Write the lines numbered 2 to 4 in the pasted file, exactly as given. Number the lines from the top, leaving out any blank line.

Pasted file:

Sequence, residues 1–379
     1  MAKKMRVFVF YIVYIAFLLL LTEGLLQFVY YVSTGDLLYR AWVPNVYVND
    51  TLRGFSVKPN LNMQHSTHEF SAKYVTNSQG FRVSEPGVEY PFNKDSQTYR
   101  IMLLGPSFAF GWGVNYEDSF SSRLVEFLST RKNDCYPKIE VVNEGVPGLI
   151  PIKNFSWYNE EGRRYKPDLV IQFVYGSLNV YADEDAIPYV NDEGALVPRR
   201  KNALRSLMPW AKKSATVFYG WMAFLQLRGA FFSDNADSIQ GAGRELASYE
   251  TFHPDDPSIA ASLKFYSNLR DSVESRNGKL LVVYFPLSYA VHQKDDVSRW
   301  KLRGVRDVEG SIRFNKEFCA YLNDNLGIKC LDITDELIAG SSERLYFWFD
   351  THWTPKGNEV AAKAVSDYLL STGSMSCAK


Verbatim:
     1  MAKKMRVFVF YIVYIAFLLL LTEGLLQFVY YVSTGDLLYR AWVPNVYVND
    51  TLRGFSVKPN LNMQHSTHEF SAKYVTNSQG FRVSEPGVEY PFNKDSQTYR
   101  IMLLGPSFAF GWGVNYEDSF SSRLVEFLST RKNDCYPKIE VVNEGVPGLI